Is your digital camera compatible with your computer?Written by Doug Rogers
So you recently bought a digital camera or perhaps your thinking about it. And perhaps you may be wondering how many pictures will your computer hold? First you need to answer a few questions to come to an accurate conclusion. First, how big is your hard drive and how much free space does it currently have? You can find answer to that question by first left-clicking on "My Computer:" Right-click on "C drive." A menu should appear. Left-click on "Properties." A pie chart should be displayed that will show you size of hard drive and how much of disk drive is free. Your next step is too know how many mega pixels does your camera have? A pixel is a light sensing cell on image pickup device. The higher number of pixels, higher resolution or picture quality of camera. A higher pixel number will also require more storage space in your camera and computer for a picture. How much storage does each picture need? If you have a 2M pixel camera, a high resolution picture will require storage in range of 500kb. Two 500 kb pictures would occupy 1 MB. If that one picture requires 500kB of storage, you should be able to store 2000 pictures of that size in 1 gigabyte of disk space. I usually store my pictures in one folder in my computer called “Camera Pics” and then create sub-folders within that folder with different names depending on occasion pictures were taken at for easy reference later on. Most camera manufacturers will provide software to allow you to transfer and edit pictures from your camera. But some of that software is not easiest to install and operate. There are a few ways to do transfer without camera software. If your camera has a memory card, you can buy a memory card reader and use it to read pictures from your camera. The memory card reader plugs into a free USB connector on your
Dragons: A History of Mythology and BeliefsWritten by Johann Erickson
The oldest culture in world to utilize dragons in their mythology and beliefs, are Chinese. For them, dragon is a divine, mythical creature that brings good fortune, prosperity and bounty. It is symbol of emperors and imperial rule, and its legends have shaped a good portion of modern Chinese culture.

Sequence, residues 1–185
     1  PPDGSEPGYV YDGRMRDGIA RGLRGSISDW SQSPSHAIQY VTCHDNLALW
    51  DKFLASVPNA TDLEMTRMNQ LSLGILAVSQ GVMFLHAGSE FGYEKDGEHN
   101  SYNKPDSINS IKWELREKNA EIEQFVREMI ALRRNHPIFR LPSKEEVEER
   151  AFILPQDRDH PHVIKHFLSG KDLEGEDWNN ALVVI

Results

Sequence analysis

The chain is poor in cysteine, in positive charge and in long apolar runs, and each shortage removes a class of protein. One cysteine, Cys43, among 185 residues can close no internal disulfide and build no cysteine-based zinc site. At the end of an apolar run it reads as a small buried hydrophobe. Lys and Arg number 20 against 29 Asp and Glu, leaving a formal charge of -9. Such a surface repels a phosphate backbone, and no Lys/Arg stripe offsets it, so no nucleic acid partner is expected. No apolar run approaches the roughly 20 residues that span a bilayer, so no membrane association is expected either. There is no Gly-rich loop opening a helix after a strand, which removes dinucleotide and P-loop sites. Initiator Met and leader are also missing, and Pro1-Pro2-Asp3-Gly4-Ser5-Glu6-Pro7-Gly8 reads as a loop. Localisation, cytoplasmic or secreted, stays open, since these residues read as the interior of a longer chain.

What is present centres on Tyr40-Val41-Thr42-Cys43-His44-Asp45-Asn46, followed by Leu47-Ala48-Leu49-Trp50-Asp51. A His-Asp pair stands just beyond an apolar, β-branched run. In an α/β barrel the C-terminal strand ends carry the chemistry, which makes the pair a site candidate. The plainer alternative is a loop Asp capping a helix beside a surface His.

The dragon is a positive force, and represents power, excellence, and striving for goals, as well as being a benevolent force, which radiates goodwill, good luck, and blessings. Shrines to them can be found in many places in China, usually near sea, since Eastern dragons tended to be water creatures.
In Eastern culture, dragon represents essential forces of Nature. While Emperors consulted them as revered advisors, they did not always follow that advice, and consequently dragons’ anger would either produce storms and floods though clouds they breathed out, or such things as water shortages, when they beat their tails about, and emptied lakes and rivers. A dragon’s celestial breath, known as sheng chi, bestows warmth from sun, wind from ocean, soil from Earth, and water from rain.
The number nine figures in many aspects of dragon worship in Chinese culture, for example, nine ways in which they are shown:
In Western culture, dragon developed a very different persona, which many aficionados claim is misinterpretation of tales in which their stories are told. Where Eastern dragons are perceived as good and benevolent, western dragons are all fire, and flinging their tails about, and biting heads off. In reality, if you read a broad range of literature from both hemispheres, you’ll find that eastern dragons sometimes took a notion to be bad characters, and in west, there are
- On screws of fiddles because they are said to like music
- On top of bells and gongs, because they call out loudly
- On bottom of stone statues, since dragons can support heavy weights
- On top of writing tablets, because dragons are fond of literature
- On bridges, because dragons are associated with water
- On eaves of temples, because dragons guard against danger
- On Buddha’s throne, where dragons rest
- On prison gates, which represent trouble-making dragons
- On hilt of swords, because dragons can slaughter their enemies